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Sovereign Cloud

Reviewed by John MeahCheckmark | Last updated: September 1, 2022

What Does Sovereign Cloud Mean?

A sovereign cloud is a cloud computing architecture that’s designed and built to provide data access in compliance with local laws and regulations. A sovereign cloud service provider will ensure that each subscriber's data -- including their metadata -- is protected from foreign access and stored in compliance with the originating country's privacy mandates.

Cloud sovereignty requires the provider to monitor their cloud and data storage service and prove compliance with local data privacy and security laws. Claims of sovereignty are established with regular assessments of records that log access permissions and data movement in a set period of time. If a cloud provider fails its sovereignty assessments, they may have to pay a penalty or reimburse subscribers for damage caused by rogue access.

The standards for a sovereign cloud can vary drastically depending on where the cloud servers and data are located. For example, some countries and nation states enforce strict requirements for protecting data sovereignty, while in other countries businesses and individuals can determine for themselves how private data will be secured in transit and at rest.


Techopedia Explains Sovereign Cloud

Data access and protection standards may vary according to the type of data that is being stored. For instance, financial and medical data often requires stricter standards for cloud storage than other types of data.


Determining the beginning of government intervention in the state of cloud and user data is tricky. However, two events in particular in the early 2010s can be seen as what kickstarted the national and international cloud sovereignty laws: the Prism Program incident, where it was revealed that the American NSA was tapping into user data held by large private companies (like Apple and Google) and Microsoft's involvement with the Department of Justice in 2013, where Microsoft went to court to fight an FBI warrant for information held on non-US servers, namely, emails of a target account stored in Ireland.

Both instances shined a light on the importance of having clear laws and standards of what organizations and governments can do with user data. In the US, the Stored Communications Act (SCA) of 1986 regulated the storage and use of data stored through communications and transactional records held by third-party organizations. The act provides statutory privacy protection for customers of network service providers.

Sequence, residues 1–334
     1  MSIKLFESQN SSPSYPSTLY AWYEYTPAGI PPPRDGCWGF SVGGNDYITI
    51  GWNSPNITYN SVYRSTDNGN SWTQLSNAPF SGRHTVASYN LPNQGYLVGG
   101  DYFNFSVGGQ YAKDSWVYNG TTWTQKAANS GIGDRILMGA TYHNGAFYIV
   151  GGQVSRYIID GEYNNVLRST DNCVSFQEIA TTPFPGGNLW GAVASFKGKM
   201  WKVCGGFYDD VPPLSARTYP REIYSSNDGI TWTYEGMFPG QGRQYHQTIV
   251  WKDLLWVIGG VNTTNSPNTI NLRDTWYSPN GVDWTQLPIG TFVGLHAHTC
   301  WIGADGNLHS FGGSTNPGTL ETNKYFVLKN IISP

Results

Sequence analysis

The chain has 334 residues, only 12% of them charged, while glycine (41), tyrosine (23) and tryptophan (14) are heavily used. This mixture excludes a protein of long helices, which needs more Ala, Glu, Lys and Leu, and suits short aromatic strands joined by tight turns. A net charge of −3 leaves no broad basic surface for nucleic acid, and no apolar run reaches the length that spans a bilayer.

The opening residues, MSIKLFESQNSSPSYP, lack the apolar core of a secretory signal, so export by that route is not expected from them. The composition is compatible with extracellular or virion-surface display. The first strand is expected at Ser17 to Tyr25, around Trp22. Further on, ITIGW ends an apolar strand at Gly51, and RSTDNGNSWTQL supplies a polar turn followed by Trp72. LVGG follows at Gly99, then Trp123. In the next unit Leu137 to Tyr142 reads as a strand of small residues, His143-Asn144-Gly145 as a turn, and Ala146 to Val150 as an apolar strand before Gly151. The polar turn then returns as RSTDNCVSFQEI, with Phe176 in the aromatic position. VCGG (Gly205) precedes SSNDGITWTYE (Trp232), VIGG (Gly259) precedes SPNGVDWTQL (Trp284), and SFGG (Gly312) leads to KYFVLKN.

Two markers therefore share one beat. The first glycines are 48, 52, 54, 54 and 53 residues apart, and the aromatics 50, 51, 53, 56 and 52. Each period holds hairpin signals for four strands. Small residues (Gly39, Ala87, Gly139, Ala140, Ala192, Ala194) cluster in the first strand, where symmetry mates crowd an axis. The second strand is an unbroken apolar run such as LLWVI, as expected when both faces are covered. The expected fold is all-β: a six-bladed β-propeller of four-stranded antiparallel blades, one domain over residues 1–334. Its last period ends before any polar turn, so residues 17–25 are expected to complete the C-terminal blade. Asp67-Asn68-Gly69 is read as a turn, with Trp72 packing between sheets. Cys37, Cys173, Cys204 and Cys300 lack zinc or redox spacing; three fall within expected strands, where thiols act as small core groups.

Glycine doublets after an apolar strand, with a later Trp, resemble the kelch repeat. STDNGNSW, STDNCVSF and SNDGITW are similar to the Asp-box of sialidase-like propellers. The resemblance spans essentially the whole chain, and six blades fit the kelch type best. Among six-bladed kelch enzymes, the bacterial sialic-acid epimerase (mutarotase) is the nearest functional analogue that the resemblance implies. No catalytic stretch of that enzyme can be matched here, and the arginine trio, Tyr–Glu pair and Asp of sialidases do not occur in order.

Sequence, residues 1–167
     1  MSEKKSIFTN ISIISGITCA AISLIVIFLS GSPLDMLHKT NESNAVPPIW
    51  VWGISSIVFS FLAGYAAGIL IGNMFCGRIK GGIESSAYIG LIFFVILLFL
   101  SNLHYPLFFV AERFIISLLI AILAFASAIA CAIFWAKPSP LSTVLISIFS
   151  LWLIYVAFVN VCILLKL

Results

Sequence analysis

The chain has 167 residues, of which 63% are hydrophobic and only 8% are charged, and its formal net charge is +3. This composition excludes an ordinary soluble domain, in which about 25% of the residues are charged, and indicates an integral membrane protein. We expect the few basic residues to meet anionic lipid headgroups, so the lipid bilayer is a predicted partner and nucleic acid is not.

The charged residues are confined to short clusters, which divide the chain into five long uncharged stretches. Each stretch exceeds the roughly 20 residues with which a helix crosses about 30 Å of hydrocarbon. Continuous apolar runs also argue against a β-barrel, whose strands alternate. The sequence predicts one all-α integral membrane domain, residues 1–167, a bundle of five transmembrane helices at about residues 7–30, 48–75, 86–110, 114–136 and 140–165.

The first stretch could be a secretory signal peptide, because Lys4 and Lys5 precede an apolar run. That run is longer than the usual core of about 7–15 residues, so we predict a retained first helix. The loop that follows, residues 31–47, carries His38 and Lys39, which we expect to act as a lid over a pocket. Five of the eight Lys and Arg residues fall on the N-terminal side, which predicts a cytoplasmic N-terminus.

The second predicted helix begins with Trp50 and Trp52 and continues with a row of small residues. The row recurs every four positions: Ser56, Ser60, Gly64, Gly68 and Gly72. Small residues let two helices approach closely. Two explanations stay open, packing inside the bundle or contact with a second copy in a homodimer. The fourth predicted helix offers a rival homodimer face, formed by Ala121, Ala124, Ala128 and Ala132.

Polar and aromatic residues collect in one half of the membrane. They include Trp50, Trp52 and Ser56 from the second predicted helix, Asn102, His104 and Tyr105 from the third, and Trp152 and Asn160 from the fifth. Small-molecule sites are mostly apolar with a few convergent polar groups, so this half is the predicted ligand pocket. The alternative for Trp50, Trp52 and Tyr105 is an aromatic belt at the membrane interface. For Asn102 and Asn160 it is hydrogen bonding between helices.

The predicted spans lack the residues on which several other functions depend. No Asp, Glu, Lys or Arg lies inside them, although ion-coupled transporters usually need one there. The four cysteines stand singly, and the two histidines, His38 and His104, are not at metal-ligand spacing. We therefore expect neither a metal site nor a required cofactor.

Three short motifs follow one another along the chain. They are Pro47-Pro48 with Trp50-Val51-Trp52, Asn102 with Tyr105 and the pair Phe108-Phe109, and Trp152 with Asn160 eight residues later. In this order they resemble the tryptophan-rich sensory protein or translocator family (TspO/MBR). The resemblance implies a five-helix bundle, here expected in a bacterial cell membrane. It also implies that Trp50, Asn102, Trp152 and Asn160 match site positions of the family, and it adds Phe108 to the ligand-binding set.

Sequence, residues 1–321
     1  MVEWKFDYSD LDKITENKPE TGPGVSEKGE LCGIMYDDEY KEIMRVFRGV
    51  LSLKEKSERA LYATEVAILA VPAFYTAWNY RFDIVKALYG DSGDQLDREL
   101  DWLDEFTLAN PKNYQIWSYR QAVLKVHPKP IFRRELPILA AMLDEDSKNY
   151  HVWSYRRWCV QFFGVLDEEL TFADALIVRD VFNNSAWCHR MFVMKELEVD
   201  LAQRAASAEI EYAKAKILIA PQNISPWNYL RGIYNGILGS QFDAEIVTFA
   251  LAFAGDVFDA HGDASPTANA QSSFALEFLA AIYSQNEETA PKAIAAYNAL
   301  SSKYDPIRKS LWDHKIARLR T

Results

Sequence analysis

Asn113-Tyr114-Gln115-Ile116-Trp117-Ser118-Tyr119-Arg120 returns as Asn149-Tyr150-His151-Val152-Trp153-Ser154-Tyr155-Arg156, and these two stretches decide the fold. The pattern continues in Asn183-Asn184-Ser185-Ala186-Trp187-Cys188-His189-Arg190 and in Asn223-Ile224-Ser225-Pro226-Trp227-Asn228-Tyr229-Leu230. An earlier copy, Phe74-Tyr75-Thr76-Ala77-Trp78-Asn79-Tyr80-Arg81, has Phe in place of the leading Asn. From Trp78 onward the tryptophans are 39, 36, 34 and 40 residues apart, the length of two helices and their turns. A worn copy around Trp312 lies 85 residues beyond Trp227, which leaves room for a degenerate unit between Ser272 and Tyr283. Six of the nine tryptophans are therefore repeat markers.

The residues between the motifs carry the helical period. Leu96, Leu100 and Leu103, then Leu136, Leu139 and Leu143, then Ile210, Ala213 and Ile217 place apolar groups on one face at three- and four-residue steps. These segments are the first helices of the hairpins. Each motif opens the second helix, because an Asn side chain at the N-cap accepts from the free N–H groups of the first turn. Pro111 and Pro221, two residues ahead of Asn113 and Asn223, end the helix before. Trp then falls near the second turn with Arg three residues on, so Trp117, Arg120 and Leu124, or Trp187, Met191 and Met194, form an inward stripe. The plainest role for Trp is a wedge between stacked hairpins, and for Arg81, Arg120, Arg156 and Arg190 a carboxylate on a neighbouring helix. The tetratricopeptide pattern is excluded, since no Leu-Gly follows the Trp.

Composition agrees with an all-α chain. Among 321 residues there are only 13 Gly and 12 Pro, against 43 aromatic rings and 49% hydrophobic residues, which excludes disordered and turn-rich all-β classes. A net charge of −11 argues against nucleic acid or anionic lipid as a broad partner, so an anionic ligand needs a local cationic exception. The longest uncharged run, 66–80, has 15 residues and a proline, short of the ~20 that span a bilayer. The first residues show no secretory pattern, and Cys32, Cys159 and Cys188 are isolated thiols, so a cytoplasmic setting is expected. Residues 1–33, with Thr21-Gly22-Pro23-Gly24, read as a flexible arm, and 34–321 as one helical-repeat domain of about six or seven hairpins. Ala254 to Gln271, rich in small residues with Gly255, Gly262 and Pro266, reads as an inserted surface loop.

The CLOUD Act of 2018

Clarifying Lawful Overseas Use of Data (CLOUD) Act amends the 1986 SCA to include modern communication in an international context. The CLOUD Act allows the US government to demand access to data from the clouds of companies subject to US jurisdiction.

This Act doesn’t only include strictly American business and organization, but also foreign entities that operate within the US or with US-citizen data and information. But to prevent repeating previous privacy-intrusion incidents, the CLOUD Act specifies the need for an ongoing criminal investigation before the US government can demand access to sovereign cloud.

Access and Power

It’s no surprise that data is considered the "oil of the future." Data is incredibly valuable because it has the power to influence entire markets, as well as political and economic landscapes. Without proper laws in place, personal information can be abused for profit and influence.

Still, instead of repressing data in hopes of keeping its owners safe, there are ways the massive amounts of data stored in the cloud can be incredibly beneficial for future projects and innovation. For example, the International Data Spaces Association aims to put sovereign data to use in Internet of Things (IoT) and Artificial Intelligence (AI) projects all over Europe.

Gaia-X is also working on developing a federation of data infrastructure that’s sovereign, efficient, competitive, yet secure and trustworthy.


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